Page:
Your brand's primary digital representation is your website, and traditional user experience design has shaped how websites are conceptualized for visitors using desktop computers and laptops. With the popularity of smart phones and tablets--and the ongoing development of devices such as Google TV--how do you address that your brand provides the correct experience across all platforms? Enter Liquid User Experience.
Most website solutions are designed with the following assumptions about visitors:
- Your visitors will be at a desktop computer or laptop, using a relatively big screen (13+ inches), keyboard, and mouse to interact with it. Therefore we call it a "desktop website".
- Your visitors can probably devote as much time as they need to explore what you have to offer, since they are sitting down and are focused on browsing your website.
Using these assumptions results in digital experiences that do not carry over well onto devices other than your traditional desktop computer experience. Liquid User Experience goes beyond traditional website criteria and introduces a new set of design principles that ensures that visitors can use your solution on their desktop, and it feels right there, but you can also switch to your handset, or tablet, or TV, and it feels right there too.
The primary principle of Liquid UX is Context, and Omar Green, director of strategic mobile initiatives at Intuit, describes context as "the circumstances around which a user expresses behavior, captured digitally. It can encompass geo-spatial, temporal, emotional, cognitive, and other domains, so long as the domain lends itself to electronic monitoring and data capture." He uses the following questions to understand the broader context in which your users are using your site:
- Who is your user?
- Where are they using your solution?
- What's their situation? Are they rushed, can they focus?
- What are they doing? What did they just do?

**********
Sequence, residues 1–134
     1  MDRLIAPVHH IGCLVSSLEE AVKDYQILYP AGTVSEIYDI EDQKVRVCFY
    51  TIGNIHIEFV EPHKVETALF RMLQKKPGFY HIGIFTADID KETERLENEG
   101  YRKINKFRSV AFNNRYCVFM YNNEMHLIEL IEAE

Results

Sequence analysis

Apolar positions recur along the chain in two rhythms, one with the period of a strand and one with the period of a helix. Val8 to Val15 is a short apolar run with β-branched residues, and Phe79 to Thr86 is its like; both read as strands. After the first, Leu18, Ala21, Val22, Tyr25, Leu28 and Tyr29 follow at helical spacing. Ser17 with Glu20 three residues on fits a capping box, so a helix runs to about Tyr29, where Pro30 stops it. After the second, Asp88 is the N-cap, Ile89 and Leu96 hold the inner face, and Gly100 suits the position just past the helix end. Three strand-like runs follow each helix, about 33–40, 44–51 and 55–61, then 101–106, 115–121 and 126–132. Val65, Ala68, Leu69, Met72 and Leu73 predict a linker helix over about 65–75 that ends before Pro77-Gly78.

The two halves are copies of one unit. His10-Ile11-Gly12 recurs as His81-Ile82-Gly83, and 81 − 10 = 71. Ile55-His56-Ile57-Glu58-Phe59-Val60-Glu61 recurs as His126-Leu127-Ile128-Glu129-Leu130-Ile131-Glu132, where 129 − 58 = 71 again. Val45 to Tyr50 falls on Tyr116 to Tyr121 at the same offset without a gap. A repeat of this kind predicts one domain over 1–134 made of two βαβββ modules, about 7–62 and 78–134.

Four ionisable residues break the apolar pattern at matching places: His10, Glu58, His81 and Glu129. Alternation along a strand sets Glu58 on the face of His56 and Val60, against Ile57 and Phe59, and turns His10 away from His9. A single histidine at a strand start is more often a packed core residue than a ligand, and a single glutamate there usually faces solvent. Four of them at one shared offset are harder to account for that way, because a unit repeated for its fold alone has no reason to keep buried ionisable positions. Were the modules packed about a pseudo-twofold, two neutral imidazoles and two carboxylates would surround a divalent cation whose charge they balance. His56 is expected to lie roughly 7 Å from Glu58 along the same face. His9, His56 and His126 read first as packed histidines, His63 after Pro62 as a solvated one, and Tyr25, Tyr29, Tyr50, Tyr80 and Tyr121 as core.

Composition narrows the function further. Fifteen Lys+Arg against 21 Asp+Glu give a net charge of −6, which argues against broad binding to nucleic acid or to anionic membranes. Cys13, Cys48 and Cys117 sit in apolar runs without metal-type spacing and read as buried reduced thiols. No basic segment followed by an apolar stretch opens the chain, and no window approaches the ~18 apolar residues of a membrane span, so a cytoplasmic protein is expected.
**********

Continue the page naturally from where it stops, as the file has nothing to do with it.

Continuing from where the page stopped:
- What's their device?
- Can we interrupt them in what they are doing?
- What are their expectations?
When creating the specifics of the solution, the key is to understand the context for each device and if it makes sense to use it in a certain situation:
- What contexts are appropriate for completing the task?
- What does it mean to initiate and complete the task in this context?
- What will your visitor need to know to anticipate the next task?
- How can we use data from one context in a new one and how?
By embedding context awareness into your brand's digital platform you enable truly dynamic user experiences across devices and locations. A great example of this is TurboTax's desktop vs. mobile application: On the desktop application you have a large keyboard, so it is easy to type in your W2 information manually, while no one would want to do that laborious task on a mobile application using an on-screen keyboard. Instead, take advantage of the mobile device's camera to take a picture of the W2 and the mobile app will automatically enter the data from the W2 for you.
There are several other great examples of liquid user experiences out there, and as you are looking to extend your brand beyond your desktop website, it pays to look around. For more information about Omar Green's research into Liquid UX, you can also check out his presentation on the topic.